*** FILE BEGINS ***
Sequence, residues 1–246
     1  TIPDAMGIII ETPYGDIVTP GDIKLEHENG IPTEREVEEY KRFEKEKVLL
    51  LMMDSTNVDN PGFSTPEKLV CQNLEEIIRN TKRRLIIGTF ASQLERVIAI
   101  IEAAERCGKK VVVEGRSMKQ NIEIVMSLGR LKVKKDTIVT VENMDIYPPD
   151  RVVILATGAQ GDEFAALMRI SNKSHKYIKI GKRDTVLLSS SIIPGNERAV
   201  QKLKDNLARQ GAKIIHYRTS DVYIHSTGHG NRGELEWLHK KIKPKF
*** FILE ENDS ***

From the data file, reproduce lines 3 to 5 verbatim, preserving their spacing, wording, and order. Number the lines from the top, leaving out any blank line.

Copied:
    51  LMMDSTNVDN PGFSTPEKLV CQNLEEIIRN TKRRLIIGTF ASQLERVIAI
   101  IEAAERCGKK VVVEGRSMKQ NIEIVMSLGR LKVKKDTIVT VENMDIYPPD
   151  RVVILATGAQ GDEFAALMRI SNKSHKYIKI GKRDTVLLSS SIIPGNERAV